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      Dynamically stable radiation pressure propulsion of flexible lightsails for interstellar exploration

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          Abstract

          Meter-scale, submicron-thick lightsail spacecraft, propelled to relativistic velocities via photon pressure using high-power density laser radiation, offer a potentially new route to space exploration within and beyond the solar system, posing substantial challenges for materials science and engineering. We analyze the structural and photonic design of flexible lightsails by developing a mesh-based multiphysics simulator based on linear elastic theory. We observe spin-stabilized flexible lightsail shapes and designs that are immune to shape collapse during acceleration and exhibit beam-riding stability despite deformations caused by photon pressure and thermal expansion. Excitingly, nanophotonic lightsails based on planar silicon nitride membranes patterned with suitable optical metagratings exhibit both mechanically and dynamically stable propulsion along the pump laser axis. These advances suggest that laser-driven acceleration of membrane-like lightsails to the relativistic speeds needed to access interstellar distances is conceptually feasible, and that their fabrication could be achieved by scaling up modern microfabrication technology.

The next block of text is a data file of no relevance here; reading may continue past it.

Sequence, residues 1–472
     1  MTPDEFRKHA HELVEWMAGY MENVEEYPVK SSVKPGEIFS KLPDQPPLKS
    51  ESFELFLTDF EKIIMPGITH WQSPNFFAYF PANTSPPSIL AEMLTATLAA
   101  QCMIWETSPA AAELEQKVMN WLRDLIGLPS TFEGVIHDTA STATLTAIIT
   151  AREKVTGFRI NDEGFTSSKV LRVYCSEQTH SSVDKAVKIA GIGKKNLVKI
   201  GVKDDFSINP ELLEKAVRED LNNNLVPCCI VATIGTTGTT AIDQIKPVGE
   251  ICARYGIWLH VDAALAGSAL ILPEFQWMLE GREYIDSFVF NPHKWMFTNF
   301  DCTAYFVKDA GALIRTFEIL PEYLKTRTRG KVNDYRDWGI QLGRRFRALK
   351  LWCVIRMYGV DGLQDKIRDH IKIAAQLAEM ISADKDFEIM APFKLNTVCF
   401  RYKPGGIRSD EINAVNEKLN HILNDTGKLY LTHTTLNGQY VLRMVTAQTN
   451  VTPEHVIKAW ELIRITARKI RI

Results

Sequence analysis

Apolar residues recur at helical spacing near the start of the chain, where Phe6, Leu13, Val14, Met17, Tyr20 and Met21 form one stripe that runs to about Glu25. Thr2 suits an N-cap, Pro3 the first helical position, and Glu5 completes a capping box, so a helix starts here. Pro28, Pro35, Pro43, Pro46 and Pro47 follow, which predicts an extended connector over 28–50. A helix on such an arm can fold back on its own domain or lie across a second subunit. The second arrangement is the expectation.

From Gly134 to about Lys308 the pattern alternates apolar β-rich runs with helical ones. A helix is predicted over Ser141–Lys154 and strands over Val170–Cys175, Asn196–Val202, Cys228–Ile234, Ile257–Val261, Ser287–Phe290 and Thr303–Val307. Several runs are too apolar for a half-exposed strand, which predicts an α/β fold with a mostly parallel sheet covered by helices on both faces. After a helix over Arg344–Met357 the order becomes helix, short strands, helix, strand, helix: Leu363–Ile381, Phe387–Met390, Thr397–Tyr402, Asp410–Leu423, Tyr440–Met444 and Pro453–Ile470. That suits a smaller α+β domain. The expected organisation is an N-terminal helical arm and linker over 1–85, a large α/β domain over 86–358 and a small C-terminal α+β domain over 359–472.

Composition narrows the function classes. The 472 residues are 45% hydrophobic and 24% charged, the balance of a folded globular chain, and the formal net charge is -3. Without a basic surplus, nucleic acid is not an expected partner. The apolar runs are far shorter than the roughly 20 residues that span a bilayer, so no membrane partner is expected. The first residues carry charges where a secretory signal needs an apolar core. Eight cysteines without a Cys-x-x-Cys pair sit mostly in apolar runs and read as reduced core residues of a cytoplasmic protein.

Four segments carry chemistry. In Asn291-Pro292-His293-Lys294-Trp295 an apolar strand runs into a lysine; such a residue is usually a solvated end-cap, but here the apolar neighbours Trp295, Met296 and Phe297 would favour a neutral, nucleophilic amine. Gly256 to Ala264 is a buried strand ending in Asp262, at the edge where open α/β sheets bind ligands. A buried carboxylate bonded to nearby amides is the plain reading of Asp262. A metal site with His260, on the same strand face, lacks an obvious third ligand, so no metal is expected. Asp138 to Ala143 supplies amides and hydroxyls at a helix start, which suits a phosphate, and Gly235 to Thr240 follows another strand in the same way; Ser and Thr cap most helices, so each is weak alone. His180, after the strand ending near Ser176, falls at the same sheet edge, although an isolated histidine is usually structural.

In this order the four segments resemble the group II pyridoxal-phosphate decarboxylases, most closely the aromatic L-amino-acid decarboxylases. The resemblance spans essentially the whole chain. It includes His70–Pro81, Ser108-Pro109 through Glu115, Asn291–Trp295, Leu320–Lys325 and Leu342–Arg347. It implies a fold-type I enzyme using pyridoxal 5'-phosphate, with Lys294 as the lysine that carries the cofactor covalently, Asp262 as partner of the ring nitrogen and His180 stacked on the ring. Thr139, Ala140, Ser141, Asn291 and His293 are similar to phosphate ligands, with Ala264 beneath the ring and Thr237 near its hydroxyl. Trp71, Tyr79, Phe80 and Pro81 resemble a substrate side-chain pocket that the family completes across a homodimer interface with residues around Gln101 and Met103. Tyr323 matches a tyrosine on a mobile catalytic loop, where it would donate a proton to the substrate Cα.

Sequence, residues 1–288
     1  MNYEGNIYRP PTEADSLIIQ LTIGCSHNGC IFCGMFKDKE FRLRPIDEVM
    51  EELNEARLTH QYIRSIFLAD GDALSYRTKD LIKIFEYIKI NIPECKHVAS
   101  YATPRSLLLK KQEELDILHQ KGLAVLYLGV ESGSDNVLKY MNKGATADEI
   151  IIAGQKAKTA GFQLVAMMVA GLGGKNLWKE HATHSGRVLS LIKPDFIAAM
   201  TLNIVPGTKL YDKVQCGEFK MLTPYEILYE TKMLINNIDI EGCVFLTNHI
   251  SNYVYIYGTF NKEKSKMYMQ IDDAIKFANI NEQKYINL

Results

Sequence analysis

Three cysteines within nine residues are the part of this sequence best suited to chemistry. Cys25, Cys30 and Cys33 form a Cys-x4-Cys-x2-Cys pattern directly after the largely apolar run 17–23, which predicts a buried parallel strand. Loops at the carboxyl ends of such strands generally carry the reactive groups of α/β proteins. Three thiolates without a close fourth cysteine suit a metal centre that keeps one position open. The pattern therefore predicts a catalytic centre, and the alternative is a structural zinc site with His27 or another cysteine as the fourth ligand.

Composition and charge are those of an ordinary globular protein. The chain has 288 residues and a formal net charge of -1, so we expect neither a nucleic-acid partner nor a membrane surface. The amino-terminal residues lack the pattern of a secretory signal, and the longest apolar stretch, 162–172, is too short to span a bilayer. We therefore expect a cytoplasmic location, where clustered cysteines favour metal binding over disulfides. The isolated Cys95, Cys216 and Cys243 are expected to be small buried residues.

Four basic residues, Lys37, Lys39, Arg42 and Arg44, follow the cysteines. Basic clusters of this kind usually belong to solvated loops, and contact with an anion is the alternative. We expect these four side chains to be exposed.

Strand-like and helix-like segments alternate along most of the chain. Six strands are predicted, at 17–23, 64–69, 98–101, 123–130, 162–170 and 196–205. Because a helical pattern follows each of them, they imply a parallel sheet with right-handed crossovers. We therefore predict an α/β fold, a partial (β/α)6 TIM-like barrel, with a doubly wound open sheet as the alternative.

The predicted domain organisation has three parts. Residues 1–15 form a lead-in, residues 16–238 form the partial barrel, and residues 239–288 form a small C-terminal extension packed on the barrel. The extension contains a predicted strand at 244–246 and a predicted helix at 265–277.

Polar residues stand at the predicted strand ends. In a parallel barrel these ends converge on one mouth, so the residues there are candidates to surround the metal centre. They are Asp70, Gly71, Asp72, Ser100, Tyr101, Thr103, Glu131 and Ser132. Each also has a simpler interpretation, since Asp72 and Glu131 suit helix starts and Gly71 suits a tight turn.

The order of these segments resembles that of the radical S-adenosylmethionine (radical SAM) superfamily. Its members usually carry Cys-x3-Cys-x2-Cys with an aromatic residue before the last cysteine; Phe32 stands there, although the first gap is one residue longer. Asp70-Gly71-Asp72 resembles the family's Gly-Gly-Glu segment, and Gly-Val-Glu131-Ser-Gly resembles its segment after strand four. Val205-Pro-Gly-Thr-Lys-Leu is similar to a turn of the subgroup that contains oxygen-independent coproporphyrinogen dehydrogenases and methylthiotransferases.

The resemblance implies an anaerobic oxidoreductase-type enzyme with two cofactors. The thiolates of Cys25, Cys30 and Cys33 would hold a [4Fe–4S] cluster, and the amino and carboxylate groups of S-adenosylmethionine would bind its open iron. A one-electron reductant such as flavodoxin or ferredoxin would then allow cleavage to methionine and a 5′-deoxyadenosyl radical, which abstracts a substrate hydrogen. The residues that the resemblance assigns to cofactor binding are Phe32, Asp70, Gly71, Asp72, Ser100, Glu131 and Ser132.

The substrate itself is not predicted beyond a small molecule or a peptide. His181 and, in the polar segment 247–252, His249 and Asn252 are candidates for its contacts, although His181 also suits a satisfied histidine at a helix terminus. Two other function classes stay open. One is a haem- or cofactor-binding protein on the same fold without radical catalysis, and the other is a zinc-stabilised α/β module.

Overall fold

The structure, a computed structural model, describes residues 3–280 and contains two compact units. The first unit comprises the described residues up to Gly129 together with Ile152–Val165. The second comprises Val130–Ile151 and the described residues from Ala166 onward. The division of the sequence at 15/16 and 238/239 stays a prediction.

Abstract

          Ultrathin laser-driven lightsails represent a unique vision for interstellar space exploration. Here, the authors show how spinning flexible membranes can be both shape- and trajectory-stable with multiphysics structural and nanophotonic engineering.

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          Stretching and breaking of ultrathin MoS2.